The LA Times published an excellent article today about gang violence in El Salvador. As violence along the border in Mexico increases, El Salvador continues to have one of the highest murder rates in the world; in fact, the article cites that the country's murder rate is five times that of Mexico. Half of the murders in El Salvador are committed by youth, and the National Civil Police state that 70% of the victims are youth between the ages of 15 and 39.Some of the violence can be attributed to gang violence. LA Times journalist Tracy Wilkinson interviews a Spanish priest, Father Antonio Rodríguez, who runs a violence-prevention program in a parish in the impoverished Mejicanos neighborhood in San Salvador. Father Rodríguez asserted that "gangs used to protect the neighborhoods, their turf, and attacked only outsiders." However, with current President Antonio Saca's ineffective and draconian Iron Fist policies toward youth involved with criminal activity and the rise of the number of gang members in prison, gangs now "strike anywhere...because they need to support their incarcerated associates and families."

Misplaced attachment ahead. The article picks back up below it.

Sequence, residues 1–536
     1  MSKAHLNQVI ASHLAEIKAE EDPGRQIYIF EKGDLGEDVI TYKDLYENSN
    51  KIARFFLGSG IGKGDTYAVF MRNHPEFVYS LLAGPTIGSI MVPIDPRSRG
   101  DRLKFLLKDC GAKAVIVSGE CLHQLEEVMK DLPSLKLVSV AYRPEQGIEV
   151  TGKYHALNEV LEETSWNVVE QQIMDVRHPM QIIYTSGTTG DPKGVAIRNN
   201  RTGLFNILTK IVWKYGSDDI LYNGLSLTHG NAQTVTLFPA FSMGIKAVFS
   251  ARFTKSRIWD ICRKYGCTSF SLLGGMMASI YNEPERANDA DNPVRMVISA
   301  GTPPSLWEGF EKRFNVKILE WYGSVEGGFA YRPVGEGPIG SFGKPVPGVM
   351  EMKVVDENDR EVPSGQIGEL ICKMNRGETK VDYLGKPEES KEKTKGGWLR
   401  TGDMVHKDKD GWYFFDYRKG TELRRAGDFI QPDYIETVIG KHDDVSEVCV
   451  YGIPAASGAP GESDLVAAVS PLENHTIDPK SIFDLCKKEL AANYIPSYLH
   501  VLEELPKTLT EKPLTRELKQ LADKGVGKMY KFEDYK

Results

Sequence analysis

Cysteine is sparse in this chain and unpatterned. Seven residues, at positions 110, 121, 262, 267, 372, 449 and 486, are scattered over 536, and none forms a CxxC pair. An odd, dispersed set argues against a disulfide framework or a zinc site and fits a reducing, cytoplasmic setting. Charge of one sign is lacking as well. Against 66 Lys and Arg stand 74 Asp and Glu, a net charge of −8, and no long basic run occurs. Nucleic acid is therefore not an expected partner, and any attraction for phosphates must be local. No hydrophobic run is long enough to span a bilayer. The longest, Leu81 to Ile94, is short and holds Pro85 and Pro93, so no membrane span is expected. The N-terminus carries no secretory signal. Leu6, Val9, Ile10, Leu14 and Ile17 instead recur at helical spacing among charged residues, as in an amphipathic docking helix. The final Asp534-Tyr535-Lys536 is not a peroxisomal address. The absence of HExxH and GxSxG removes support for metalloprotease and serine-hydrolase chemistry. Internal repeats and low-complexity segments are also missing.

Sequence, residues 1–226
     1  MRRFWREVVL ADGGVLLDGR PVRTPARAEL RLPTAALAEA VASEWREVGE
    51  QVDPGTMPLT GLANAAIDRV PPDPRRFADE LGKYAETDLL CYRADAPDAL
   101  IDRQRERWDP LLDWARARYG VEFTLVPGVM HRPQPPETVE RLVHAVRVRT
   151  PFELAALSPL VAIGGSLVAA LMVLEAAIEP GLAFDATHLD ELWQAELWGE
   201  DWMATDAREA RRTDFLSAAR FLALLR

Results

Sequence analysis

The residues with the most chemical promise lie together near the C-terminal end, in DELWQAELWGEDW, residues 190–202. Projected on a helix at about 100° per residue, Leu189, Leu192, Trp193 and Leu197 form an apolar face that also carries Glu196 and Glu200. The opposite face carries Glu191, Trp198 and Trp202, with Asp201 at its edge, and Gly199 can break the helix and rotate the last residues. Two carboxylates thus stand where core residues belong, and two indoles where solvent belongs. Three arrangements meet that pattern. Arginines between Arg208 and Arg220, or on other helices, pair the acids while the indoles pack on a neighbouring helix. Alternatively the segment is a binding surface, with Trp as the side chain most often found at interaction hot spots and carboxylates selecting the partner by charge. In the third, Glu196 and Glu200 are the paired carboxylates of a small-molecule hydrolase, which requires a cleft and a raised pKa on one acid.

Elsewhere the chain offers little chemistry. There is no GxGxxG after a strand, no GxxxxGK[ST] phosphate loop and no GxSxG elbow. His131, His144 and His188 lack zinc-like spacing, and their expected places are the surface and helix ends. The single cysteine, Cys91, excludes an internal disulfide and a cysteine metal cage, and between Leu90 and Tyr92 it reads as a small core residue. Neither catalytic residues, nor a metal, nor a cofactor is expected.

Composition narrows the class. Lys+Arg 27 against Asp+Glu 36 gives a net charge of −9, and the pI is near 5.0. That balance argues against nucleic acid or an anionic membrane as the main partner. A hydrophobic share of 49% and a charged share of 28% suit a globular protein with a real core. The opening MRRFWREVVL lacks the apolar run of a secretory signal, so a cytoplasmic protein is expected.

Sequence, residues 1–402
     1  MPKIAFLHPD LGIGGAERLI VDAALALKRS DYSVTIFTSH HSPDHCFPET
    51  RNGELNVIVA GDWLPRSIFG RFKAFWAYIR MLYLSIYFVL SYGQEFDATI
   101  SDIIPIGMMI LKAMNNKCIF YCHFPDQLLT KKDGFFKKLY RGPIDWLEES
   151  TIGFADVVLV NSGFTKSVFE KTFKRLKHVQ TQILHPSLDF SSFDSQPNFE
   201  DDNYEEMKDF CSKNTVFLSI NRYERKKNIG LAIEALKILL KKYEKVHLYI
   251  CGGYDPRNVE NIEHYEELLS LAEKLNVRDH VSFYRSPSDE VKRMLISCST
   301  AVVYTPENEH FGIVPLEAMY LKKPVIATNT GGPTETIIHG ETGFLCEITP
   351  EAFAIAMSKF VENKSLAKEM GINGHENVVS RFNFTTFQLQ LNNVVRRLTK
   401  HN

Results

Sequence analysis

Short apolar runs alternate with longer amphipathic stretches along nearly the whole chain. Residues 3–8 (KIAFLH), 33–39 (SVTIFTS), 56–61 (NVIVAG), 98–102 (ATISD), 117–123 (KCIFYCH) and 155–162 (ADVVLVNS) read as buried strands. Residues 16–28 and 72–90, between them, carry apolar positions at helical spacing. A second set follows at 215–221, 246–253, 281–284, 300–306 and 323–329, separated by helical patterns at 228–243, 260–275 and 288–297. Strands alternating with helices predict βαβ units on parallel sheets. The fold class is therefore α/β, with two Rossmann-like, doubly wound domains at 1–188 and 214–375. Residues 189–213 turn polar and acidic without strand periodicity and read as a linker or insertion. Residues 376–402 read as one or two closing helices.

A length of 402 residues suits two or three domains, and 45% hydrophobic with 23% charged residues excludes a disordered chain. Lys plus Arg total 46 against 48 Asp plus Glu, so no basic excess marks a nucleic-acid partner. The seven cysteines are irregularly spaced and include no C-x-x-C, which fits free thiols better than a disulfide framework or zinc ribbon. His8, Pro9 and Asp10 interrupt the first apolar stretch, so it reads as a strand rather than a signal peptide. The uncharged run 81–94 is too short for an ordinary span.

The article points out hundreds of murders each year are committed by members of the police force, private security guards, and assassins hired to carry out "social cleansing." Meanwhile, impunity reigns as few murder cases are rarely solved. El Salvador has a long history of providing impunity for the worst human rights offenders: war criminals during the country's bloody Civil War are protected by a blanket Amnesty Law. Given the prevailing sense of impunity coupled with dire poverty, is there any wonder that the death tolls keep climbing?
To read the article, click here.
*Photo by José Cabezas/AFP/Getty Images though the LA Times.
- Sara Skinner, US Grassroots Coordinator